My companion and I wandered immediately into one main store and looked around at their products. The initial awe of their area was dispelled here, for me, a little, though: The products they were selling in their shop seemed a bit decietful, and wicked.

The shop sold gadgets (called 'HUDS') that could be used in Second Life to take over the actions, speech, and inventory of another Second Life Avatar through trickery. This was their 'Magic' that they were offering for sale in the shop.

In Second Life, a character can walk up to you and give you a bouquet of red roses, for example. When that happens, you'll see a popup message that reads something like 'Eldric the Mad finds you very beautiful and would like to present you with a bouquet of red roses. Do you accept?'. The receiving character then chooses 'yes' to accept the gift, or 'no' to refuse them.

Accept them and the gift is added to your inventory and, in some cases, a bit of programming language, called a 'Script', is written into your character. That script stays there FOREVER; it is not possible in Second Life, short of deleting your avatar and recreating it, to remove that script. They're used to provide cute animations that accompany the gift, or to trigger expected reactions ('Andrew Gorham bluses profusely and says 'Oooh, roses! I love roses! Thank you!')

Here's the problem with this, when you consider these so-called 'Magic' gadgets I found in this one store. Eldric the Mad can't ask you 'Eldric the Mad would like to be given permanent and total control over your avatar, allowing him to strip your inventory completely, make your character act like a complete moron in public, or cause you to engage in bizarre sexual antics in public: Would you like to accept this?'. I assure you, that's the INTENT of his so-called spell, but he can't actually ASK you that.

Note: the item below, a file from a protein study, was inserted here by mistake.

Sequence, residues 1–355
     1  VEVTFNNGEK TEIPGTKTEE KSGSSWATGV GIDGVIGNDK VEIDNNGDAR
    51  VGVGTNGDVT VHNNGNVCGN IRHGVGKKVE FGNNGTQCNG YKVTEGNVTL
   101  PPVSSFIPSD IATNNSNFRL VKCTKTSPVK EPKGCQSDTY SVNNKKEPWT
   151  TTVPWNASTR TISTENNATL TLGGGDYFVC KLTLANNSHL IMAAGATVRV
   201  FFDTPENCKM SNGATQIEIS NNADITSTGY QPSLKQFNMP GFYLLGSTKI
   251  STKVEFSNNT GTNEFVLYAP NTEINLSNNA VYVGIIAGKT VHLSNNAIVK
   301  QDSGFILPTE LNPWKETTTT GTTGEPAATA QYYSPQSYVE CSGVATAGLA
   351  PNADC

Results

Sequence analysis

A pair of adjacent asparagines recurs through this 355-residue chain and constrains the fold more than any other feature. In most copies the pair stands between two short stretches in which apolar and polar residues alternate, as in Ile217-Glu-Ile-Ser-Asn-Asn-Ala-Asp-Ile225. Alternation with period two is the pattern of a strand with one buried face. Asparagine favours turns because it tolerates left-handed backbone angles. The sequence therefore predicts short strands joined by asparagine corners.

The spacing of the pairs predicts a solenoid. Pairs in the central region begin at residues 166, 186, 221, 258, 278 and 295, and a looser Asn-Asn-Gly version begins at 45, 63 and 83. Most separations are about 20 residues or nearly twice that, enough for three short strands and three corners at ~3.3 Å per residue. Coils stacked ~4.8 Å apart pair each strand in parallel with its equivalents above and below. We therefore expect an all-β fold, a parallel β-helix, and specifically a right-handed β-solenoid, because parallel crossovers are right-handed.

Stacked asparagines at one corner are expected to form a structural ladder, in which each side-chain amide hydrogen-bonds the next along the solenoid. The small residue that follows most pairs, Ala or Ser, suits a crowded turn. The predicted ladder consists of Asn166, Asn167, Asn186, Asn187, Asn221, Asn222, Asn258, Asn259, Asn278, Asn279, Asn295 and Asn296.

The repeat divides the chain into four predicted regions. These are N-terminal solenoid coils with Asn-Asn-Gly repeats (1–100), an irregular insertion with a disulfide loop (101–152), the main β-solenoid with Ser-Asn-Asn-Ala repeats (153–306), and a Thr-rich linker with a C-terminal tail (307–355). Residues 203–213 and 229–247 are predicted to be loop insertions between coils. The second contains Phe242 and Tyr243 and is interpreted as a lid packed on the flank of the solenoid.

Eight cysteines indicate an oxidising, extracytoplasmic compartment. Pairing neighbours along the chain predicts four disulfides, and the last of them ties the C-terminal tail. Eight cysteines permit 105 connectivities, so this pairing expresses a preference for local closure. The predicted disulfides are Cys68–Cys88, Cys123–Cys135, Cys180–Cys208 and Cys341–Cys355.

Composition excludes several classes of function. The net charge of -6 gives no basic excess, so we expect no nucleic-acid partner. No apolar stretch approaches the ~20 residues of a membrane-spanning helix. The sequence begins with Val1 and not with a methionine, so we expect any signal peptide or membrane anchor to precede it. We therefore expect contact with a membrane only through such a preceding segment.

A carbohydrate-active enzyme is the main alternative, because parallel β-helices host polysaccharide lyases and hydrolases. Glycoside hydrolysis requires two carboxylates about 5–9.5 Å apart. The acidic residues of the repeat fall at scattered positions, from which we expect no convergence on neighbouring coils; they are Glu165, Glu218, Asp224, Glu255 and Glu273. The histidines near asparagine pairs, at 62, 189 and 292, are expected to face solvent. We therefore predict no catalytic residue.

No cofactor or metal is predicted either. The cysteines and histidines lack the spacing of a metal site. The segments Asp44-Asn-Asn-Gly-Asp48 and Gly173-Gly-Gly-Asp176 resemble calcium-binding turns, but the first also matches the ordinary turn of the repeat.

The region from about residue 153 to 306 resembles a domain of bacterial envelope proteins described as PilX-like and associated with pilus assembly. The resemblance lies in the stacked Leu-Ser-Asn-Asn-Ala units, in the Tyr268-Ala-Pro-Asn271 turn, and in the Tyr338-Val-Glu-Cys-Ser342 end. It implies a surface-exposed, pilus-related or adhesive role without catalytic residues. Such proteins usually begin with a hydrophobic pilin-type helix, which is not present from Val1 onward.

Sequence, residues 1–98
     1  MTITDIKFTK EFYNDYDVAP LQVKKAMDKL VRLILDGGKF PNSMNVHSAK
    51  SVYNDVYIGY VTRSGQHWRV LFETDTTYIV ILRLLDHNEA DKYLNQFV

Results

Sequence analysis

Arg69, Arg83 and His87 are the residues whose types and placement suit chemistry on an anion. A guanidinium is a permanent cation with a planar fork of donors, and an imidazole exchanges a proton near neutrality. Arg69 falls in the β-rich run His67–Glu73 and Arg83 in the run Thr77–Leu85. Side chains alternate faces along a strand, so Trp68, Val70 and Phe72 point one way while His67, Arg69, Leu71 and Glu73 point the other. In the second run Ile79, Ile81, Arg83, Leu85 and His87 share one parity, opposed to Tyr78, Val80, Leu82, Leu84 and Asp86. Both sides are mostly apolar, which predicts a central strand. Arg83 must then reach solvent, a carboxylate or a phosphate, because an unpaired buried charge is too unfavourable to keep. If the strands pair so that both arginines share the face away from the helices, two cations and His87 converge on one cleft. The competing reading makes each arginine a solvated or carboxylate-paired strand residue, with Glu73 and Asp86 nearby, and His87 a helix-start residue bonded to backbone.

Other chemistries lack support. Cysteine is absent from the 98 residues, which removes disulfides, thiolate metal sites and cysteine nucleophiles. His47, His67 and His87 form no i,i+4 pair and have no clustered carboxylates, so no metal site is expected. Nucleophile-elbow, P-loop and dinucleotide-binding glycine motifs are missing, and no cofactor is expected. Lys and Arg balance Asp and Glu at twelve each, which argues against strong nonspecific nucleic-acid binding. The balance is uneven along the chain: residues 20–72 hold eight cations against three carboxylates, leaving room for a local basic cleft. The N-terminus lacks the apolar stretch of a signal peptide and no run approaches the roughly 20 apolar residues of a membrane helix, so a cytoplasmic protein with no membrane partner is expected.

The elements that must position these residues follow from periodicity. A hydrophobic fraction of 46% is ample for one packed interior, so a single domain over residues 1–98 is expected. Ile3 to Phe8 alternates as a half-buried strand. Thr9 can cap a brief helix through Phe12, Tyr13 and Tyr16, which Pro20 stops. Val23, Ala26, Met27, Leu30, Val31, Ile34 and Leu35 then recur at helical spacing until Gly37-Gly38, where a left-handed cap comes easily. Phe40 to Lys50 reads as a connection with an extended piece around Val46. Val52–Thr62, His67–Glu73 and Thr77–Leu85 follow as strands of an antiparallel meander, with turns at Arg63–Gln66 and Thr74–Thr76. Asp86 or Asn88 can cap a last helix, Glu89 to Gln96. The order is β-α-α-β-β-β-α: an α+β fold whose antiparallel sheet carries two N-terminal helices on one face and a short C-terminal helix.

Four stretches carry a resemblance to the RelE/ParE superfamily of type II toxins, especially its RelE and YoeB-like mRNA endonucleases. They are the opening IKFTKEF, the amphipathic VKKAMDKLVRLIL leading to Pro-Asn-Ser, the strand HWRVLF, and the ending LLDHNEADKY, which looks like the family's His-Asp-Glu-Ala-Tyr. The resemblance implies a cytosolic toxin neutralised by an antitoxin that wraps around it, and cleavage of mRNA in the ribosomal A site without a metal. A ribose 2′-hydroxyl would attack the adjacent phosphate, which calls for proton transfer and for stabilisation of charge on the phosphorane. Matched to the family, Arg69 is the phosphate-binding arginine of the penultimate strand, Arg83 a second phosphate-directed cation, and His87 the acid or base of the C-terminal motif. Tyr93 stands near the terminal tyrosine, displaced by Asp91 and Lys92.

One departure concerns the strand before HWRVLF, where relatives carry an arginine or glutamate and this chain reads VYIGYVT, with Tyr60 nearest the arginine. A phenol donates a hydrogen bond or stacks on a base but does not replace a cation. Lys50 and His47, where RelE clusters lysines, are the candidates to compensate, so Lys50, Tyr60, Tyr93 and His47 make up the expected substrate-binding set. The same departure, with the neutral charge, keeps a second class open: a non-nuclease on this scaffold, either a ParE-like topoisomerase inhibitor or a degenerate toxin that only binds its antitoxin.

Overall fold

Every character in Second Life would, of course, REFUSE that request. So how does Eldric the Mad get a sucker avatar to GIVE HIM such power over their beloved characters?

Simple: They LIE. These magic gadgets don't TELL the user that is what's about to happen. Rather, they use a FALSE permissions message. The window pops up still, but rather then asking the avatar if Eldric can make them engage unwillingly in bizarre sexual antics, it simplys asks the recipient if they'd like a nice bouquet of roses.

The user may select 'Yes' but when they do, they don't receive roses. They wield up control of their avatar forever and ever to Eldric the Mad. Logging out won't fix this, either: the next time Eldric spots them, he can quite easily re-trigger the script buried deep in that character and take puppet control over them, all over again. If accepted, this 'Magic' turns a Second Life Avatar into a virtual slave.

Isn't THAT special, right? The same organization that found my 'Roman Toga' party offensive and evil to the eyes of their Lord and Master, Jesus Christ, some two years earlier were now openly condoning, presenting, and supporting the sale of products by this organization that allowed second life characters to be duped into permanent slavery!

Now THAT'S hypocrisy.

I left the shop in disgust, to be quite frank: I bought no products from that store. I don't know if ALL the Arcanum shops peddled similar wares, I didn't bother to check. I couldn't get out of that simulation FAST enough, let me tell you.

But as I was leaving? I heard a voice in nearby chat. 'Andrew!' said the happy voice. "How NICE it is to see you here! Thank you for supporting the American Cancer Society 'Relay For Life' charity drive! It's so WONDERFUL for you and your friend to visit us!"

I turned. I spotted the voice.

Any guesses as to who greeted me with such cheap, shallow enthusiasm; the true voice of the Dead?

Yup. You're right.

The voice came from Cinder Bella, one of the Second Life LEADERS of the American Cancer Society effort in Second Life; the very same person who, two years earlier, found the concept of a 'Roman Toga' party to be an affront to her dead middle eastern god...

How sad. I find that very VERY sad...